Tokyo: Kokusai Asset Management, the operator of Japan's biggest mutual fund, said on Friday it had added New Zealand to its portfolio for the first time after sharply reducing exposure to euro zone bonds last year on Europe's debt crisis. 

Kokusai Asset's Global Sovereign Open, its $22.5 billion flagship fund also known as "Glosov" among Japanese retail investors, now has a 0.4 percent weighting for New Zealand, composed of cash and bonds. 

"In the past, our fund refrained from investing in New Zealand due to its size of the economy relative to others, but we have decided to start investing in the country on the back of its high credit ratings and healthy macro economics," the asset manager said. 

It was the first new country to be added to Kokusai's portfolio since May 2009 when it included Greece and Portugal.  

Europe's sovereign debt woes meant Greece was quickly removed in December 2009 while Portugal was removed in June 2010. It dropped France, Italy, Belgium and Spain last year. 

As of Thursday, the fund's weighting for euro zone bonds was a mere 9.2 percent, down from a peak of 43 percent in late 2009 and also below the benchmark Citigroup World Government Bond Index weighting of 27 percent.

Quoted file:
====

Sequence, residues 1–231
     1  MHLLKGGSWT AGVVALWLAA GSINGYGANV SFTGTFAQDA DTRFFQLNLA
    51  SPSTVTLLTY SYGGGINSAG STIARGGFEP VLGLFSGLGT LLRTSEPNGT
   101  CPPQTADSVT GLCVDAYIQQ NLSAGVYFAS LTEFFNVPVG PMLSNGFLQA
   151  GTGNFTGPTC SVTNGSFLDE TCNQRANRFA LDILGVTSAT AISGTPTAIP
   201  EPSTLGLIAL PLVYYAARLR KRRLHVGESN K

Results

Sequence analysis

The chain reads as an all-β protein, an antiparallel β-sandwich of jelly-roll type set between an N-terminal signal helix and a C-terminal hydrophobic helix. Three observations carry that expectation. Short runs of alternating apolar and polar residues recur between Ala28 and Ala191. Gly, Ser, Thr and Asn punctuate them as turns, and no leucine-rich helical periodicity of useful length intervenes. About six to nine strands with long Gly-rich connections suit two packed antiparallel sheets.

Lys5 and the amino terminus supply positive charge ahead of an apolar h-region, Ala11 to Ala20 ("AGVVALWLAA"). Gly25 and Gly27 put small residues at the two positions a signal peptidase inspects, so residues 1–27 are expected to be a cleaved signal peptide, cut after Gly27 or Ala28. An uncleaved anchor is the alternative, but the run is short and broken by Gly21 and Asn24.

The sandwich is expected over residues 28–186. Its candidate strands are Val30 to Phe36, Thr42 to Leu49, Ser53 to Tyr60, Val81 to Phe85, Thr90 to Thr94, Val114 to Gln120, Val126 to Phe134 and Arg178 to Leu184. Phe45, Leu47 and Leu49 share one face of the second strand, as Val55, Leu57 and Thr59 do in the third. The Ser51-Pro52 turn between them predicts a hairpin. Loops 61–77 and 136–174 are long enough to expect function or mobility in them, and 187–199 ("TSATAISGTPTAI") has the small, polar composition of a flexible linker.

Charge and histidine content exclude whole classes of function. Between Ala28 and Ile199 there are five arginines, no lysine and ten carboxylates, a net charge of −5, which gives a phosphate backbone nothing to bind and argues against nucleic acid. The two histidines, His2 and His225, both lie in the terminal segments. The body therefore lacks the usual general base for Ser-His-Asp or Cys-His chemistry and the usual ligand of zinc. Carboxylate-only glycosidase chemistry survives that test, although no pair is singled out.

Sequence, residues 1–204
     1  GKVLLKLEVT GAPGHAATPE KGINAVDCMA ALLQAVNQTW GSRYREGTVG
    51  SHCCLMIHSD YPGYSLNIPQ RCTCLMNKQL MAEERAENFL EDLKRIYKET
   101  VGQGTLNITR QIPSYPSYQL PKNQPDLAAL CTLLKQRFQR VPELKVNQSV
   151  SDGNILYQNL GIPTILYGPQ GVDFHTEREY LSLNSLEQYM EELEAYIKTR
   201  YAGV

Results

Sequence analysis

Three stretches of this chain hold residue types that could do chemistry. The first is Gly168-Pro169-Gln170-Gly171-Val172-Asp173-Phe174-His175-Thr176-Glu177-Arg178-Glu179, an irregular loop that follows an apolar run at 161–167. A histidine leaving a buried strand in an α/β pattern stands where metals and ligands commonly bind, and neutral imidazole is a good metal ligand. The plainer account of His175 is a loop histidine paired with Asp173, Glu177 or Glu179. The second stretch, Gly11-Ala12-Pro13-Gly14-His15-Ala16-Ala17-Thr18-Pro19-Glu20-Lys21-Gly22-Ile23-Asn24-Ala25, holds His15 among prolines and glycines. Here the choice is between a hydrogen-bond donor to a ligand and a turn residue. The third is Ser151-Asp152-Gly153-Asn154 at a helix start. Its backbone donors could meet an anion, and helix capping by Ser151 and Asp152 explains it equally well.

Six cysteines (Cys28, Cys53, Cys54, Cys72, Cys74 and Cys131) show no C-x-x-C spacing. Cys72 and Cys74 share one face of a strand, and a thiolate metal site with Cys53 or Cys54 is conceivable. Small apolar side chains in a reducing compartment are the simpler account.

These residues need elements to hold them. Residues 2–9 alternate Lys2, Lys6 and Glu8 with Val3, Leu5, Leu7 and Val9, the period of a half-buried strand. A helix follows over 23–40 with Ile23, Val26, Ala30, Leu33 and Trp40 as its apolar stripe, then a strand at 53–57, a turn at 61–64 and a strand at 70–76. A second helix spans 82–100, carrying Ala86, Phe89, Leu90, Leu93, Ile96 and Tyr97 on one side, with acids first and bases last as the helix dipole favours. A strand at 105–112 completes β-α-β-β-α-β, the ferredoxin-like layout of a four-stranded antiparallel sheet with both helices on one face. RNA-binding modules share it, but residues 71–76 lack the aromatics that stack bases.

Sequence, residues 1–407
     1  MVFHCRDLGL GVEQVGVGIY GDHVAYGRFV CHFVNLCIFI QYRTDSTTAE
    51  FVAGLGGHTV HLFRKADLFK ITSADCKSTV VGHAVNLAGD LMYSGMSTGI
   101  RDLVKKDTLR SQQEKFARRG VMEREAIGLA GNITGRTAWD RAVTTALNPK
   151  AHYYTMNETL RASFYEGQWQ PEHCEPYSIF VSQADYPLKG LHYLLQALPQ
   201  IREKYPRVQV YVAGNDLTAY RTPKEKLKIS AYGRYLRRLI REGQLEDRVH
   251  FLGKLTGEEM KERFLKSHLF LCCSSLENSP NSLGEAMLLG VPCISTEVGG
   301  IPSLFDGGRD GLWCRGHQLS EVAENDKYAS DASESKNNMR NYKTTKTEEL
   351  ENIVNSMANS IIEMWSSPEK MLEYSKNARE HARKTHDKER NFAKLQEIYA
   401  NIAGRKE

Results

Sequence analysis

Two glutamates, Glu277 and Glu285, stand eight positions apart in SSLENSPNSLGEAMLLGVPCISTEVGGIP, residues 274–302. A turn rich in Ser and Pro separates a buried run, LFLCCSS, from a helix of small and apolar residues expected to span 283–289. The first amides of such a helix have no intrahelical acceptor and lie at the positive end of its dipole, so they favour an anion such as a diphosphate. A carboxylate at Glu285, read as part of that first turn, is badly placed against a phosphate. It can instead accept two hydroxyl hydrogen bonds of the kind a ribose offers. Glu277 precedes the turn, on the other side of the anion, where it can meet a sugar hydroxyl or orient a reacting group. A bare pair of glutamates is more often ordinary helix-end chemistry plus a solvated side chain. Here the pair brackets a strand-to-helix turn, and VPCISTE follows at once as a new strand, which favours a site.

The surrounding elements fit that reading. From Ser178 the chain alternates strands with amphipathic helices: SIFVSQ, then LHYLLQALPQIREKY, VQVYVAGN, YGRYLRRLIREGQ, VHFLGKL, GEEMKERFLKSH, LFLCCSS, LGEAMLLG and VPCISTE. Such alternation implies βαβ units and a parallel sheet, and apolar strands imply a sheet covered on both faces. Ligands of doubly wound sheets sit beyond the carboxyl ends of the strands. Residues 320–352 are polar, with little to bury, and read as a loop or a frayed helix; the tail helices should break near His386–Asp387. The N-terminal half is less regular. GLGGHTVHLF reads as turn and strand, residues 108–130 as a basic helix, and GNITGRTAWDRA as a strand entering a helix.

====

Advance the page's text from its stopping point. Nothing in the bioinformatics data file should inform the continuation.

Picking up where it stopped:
The fund now holds bonds of only three euro-zone countries in its portfolio -- a holding of 5.9 percent in German bonds, 2.9 percent in Dutch bonds and 0.9 percent in Finnish bonds. 

The Global Sovereign fund is an actively managed mutual fund that invests in global government and agency bonds with high credit ratings.  

The fund has struggled to attract money from retail investors over the last several years, hurt by its poor performance stemming from the crisis in Europe. 

Its asset size peaked at around 5.7 trillion yen ($72 billion) in 2008, but it saw outflows after the Lehman crisis of that year.